There’s no question that children throughout the country have suffered learning losses since the onset of the pandemic and the transition to virtual learning. The vital questions now center around how much learning loss has occurred and how can those losses most effectively be overcome.
Thanks to new research from The Center for Research on Educational Outcomes (CREDO) at Stanford University, we now have more informed estimates of the level of “COVID-slide.” The study, “Estimates of Learning Loss in the 2019-20 School Year,” released earlier this fall, calculates the magnitude of student-level learning losses based on data from 19 states or major school districts throughout the United States.
Across the country, the findings are sobering. In reading, it is estimated that students lost anywhere from 56 to 183 days worth of learning. In math, the estimates are more dire suggesting that students lost anywhere from 136 to 233 days worth of learning. Given a 180-day school calendar, that translates to up to an entire year’s worth of reading and up to nearly 1.5 years worth of math learning that has been lost.
While West Virginia is not one of the states specifically analyzed in the study, we can use comparisons with other noted ranking systems such as the U.S. News Rankings or the rankings of NAEP scores by state to make informed estimates on the magnitude of learning loss here in the Mountain State.
Based upon those comparative ranking systems, and the states included in the study, we should look at the results in Arkansas to give ourselves the best chance of accurately understanding the situation in West Virginia. For comparison, Arkansas ranks 43rd in education when considering aggregate NAEP scores, and 38th by U.S. News, while West Virginia comes in at 42nd and 41st respectively. If we want to consider more than pure rankings, and take geography and demographics into account, Kentucky’s numbers are also enlightening.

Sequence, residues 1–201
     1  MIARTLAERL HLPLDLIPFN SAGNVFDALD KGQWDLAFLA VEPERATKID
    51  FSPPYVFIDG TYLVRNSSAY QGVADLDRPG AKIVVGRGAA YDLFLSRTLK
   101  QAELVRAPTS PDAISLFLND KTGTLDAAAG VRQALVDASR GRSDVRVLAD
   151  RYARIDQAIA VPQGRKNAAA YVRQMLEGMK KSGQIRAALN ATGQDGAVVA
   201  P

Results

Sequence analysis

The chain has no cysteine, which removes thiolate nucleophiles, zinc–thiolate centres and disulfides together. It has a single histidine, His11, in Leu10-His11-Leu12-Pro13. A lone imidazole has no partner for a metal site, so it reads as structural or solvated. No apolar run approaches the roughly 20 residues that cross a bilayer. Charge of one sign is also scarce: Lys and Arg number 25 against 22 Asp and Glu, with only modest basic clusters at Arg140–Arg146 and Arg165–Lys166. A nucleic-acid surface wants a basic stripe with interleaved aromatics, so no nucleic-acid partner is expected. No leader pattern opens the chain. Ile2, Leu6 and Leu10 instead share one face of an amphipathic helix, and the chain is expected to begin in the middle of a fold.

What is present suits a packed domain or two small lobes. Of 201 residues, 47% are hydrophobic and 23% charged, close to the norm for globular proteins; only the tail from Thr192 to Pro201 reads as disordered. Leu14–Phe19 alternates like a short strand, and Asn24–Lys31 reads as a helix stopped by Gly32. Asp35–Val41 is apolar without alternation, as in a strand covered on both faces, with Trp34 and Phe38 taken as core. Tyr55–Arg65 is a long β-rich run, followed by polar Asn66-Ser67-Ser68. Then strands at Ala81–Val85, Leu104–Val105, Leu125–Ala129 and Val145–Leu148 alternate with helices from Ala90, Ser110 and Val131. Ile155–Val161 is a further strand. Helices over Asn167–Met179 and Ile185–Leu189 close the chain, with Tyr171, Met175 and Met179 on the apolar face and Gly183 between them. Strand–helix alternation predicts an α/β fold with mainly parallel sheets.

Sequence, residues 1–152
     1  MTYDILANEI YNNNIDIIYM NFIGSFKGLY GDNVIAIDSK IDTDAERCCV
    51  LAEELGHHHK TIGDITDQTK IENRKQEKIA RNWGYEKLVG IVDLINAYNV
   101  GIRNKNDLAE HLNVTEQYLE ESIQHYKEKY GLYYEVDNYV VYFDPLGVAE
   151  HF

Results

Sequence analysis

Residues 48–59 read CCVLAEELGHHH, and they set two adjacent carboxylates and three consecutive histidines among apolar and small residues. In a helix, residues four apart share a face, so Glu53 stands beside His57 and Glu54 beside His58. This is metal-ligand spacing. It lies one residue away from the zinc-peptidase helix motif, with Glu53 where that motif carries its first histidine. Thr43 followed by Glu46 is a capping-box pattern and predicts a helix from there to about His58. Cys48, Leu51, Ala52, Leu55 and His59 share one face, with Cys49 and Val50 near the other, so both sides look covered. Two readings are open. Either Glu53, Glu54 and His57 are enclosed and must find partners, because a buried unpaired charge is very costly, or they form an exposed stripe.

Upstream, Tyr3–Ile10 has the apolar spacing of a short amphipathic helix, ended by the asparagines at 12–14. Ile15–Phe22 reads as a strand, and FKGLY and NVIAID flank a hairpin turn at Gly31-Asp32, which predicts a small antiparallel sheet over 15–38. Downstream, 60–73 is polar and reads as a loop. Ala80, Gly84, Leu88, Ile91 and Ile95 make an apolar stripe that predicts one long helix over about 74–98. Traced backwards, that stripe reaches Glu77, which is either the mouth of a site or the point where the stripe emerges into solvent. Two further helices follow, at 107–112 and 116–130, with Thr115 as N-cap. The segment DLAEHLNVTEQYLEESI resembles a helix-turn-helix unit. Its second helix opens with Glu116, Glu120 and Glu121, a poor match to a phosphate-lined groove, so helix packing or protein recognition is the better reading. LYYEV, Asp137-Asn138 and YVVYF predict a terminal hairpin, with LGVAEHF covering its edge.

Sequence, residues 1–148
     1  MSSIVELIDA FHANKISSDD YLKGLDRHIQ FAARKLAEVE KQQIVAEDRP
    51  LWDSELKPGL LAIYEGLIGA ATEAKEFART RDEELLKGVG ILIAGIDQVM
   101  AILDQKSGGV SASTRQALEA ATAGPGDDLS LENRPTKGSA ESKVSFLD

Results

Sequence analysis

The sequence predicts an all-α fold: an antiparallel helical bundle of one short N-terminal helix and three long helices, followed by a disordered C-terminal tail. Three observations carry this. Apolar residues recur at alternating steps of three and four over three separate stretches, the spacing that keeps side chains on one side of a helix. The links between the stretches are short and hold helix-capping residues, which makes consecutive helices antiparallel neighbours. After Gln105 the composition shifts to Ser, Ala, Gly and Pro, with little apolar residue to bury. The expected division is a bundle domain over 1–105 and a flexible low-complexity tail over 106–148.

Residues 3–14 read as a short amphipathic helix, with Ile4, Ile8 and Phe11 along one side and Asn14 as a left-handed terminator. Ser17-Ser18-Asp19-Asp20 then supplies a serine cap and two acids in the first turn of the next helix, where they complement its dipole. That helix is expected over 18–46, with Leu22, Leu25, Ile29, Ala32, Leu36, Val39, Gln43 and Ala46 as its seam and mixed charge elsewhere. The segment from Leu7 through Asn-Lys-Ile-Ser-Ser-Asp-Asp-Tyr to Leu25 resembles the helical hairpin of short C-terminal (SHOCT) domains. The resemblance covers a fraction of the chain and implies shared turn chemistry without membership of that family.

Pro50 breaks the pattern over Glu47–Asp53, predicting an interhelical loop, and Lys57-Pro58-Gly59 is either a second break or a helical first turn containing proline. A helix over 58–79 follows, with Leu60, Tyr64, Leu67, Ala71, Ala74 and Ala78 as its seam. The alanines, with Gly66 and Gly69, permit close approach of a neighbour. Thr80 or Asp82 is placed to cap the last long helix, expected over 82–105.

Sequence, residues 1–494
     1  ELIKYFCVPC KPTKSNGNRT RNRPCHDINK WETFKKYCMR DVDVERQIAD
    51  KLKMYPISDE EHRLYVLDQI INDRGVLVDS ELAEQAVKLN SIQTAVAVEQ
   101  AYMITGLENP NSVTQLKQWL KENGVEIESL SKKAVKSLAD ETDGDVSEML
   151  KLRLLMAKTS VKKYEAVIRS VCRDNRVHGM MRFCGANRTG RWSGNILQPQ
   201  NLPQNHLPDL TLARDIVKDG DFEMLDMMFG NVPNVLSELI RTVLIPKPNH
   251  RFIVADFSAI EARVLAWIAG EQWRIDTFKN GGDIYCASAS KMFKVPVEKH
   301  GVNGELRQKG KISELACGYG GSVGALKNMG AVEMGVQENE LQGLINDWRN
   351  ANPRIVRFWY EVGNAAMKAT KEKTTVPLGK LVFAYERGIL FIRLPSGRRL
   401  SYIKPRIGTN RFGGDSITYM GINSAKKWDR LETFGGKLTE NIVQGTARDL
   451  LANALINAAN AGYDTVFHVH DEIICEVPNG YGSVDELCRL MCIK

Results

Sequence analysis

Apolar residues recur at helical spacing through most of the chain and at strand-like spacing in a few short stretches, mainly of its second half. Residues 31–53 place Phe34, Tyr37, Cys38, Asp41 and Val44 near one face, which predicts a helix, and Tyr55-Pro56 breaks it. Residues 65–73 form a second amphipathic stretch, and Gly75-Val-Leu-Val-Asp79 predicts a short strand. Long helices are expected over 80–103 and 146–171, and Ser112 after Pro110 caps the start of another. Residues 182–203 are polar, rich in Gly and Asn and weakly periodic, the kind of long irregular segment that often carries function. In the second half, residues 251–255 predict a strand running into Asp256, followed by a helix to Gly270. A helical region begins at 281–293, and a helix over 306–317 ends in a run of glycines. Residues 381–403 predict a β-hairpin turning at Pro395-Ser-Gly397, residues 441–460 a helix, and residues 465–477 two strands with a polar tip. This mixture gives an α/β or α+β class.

Results from the study indicate that learning losses in Arkansas averaged 62 days worth in reading, and 138 days worth in math. In Kentucky, estimated losses averaged 121 days in reading and 172 in math. Given how closely West Virginia and Arkansas stack up in various ranking systems, and the similarities across much of West Virginia, Kentucky, and Arkansas it’s reasonable to estimate that average learning losses in the Mountain State fall somewhere between the two.
Nonetheless, an average of a one to two-thirds of the year’s learning lost in reading, and two-thirds to nearly a year lost in math is startling. These losses are more alarming when considering that the children who were already struggling in school before the pandemic hit have experienced even greater losses than these estimates suggest. In some cases, the losses could easily be large enough as to negate more than an entire school year’s worth of learning.
Going forward, it’s critical that we assess current educational models and how those may need to be changed in order to adapt to these extraordinary challenges. The wide variations in losses estimated by the CREDO study immediately suggest that conventional models are not equipped to meet the diverse needs of this moment.
Rather than doubling down on a system-focused, one-to-many, fixed-pace approach to teaching and learning, we should be open to new and varied approaches.
Moving to a system where funding follows the student and where families have more options for finding the setting that best fits the learning needs of their children are two approaches that West Virginia would be well advised to take.
Jessi Troyan is a Ph.D. economist and the development director for the Cardinal Institute for West Virginia Policy.